There’s a super-important nutrient that, chances are, you’re not getting enough of: omega-3 fatty acids.

Omega-3s are a nutrient powerhouse, shown to improve heart health and mood. There are two kinds of omega-3s, in particular, that are important for overall health: docosahexaenoic acid (DHA) and eicosapentaenoic acid (EPA).

“They are longer than other omega-3s, so they make your cell membranes more fluid, which helps brain, eye and nerve cells function better,” says Kantha Shelke, a spokeswoman for the Institute of Food Technologists. Yet most Americans only get 100 mg a day of DHA/EPA, far short of the recommended 250 mg.

All sorts of foods have been boasting omega-3s lately, from orange juice to bread. EatingWell magazine recently reported on how to get more of these healthy fats in your diet:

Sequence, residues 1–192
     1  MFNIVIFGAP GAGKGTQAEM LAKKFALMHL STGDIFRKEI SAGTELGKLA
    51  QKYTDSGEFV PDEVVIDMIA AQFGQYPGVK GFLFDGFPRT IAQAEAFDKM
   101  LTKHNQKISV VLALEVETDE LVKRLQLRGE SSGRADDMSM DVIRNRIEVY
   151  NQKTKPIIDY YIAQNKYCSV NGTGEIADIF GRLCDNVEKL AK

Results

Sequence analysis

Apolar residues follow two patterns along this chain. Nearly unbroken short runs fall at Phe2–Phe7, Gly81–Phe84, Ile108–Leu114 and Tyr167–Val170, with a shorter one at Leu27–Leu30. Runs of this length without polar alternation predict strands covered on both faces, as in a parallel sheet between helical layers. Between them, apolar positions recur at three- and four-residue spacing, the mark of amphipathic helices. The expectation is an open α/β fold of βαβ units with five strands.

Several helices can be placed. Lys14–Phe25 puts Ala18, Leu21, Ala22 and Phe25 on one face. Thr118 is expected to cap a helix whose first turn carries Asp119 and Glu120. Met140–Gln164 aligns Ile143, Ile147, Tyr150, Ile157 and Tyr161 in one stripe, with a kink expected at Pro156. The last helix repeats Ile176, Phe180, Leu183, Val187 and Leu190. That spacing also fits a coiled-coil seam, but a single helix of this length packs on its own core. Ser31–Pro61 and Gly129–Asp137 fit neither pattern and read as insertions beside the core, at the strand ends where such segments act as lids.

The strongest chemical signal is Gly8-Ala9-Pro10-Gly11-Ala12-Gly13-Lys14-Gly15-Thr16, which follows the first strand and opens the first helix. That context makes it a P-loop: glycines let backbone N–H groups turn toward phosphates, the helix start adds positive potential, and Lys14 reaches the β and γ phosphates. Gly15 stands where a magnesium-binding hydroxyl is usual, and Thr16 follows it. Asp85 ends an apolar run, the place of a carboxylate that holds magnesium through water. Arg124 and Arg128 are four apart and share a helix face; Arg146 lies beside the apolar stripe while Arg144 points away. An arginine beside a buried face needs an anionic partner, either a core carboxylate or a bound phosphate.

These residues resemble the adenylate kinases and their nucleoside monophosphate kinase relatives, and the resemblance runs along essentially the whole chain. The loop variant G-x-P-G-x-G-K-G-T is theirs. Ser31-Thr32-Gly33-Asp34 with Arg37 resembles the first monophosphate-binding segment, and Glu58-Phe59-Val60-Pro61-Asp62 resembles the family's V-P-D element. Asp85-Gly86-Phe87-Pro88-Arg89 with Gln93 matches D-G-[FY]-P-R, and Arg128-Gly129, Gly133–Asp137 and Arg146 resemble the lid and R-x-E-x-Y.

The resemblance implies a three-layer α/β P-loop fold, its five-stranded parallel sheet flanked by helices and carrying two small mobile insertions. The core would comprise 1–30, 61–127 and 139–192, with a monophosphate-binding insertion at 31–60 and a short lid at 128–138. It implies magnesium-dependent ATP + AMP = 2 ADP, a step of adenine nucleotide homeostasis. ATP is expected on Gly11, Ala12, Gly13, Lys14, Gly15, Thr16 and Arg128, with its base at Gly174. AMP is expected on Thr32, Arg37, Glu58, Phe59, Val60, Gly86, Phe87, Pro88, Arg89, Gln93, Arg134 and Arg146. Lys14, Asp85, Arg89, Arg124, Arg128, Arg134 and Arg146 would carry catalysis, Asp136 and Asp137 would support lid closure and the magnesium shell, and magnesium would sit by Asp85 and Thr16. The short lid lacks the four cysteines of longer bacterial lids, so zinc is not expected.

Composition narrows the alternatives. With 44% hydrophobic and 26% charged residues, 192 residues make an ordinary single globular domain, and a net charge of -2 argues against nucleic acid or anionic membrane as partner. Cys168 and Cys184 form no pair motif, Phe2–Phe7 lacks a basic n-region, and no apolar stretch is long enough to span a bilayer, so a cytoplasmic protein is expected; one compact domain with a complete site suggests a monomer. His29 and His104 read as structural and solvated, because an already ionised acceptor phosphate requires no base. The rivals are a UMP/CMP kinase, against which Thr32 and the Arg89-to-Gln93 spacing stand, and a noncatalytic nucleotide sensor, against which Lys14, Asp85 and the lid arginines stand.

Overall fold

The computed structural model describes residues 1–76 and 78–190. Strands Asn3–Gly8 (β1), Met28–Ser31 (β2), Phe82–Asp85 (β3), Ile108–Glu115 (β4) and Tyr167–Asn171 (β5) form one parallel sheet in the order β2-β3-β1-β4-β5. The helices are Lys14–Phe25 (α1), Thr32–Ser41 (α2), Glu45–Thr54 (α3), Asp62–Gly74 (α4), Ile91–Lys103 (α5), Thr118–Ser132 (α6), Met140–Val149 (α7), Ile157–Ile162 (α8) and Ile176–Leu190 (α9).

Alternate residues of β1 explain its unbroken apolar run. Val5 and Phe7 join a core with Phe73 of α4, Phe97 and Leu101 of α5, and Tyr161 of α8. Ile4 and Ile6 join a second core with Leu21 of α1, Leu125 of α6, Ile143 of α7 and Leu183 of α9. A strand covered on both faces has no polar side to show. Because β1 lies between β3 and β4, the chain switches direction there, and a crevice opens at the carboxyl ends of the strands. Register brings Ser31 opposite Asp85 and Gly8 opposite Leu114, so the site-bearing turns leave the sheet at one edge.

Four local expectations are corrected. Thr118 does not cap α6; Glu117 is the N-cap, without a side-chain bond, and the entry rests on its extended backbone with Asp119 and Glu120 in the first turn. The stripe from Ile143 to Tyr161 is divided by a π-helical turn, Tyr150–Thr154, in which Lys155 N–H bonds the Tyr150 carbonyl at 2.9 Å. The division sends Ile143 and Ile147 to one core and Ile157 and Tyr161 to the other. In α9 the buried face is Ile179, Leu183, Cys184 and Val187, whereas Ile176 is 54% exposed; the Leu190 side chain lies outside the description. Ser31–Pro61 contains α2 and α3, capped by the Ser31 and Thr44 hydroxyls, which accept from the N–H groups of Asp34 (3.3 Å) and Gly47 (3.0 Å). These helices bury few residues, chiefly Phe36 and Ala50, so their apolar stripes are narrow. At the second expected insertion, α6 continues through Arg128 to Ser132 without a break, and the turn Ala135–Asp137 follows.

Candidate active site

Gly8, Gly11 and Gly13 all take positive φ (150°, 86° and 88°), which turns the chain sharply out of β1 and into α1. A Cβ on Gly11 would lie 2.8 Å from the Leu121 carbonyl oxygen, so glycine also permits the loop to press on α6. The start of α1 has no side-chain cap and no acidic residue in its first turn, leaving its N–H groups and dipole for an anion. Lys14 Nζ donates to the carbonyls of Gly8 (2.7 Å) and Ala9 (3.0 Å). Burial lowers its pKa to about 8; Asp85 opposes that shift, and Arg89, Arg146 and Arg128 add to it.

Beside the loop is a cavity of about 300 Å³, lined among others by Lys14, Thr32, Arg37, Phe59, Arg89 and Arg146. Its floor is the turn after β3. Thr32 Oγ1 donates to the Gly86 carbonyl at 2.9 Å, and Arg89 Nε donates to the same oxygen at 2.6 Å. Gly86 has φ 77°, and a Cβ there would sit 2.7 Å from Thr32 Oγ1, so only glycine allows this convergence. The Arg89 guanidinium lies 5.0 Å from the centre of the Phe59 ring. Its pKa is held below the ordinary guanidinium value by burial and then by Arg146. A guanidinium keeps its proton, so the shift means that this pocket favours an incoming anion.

1. Wild cold-water fish make DHA/EPA from the algae they eat. You get 2,085 mg from a 4-ounce serving of salmon, 1,110 mg from sardines and 305 mg from light tuna.

2. Seaweed (nori) and kelp (wakame, kombu or dulse) are both algae, which produce some DHA/EPA. In a 1-ounce serving, you get 134 mg.


1. Eggs: Chickens turn some of the omega-3s from flaxseed in their feed into DHA/EPA. One large egg can contain up to 150 mg of omega-3s, some of which is DHA/EPA.

2. Milk: Some brands of milk add fish oil or algal oil to give a DHA/EPA boost (don’t worry, you can’t taste it!); 1 cup of fortified milk delivers up to 50 mg.

3.Peanut butter: Like milk, some brands are adding fish oil; a 2-tablespoon serving provides 32 mg DHA/EPA.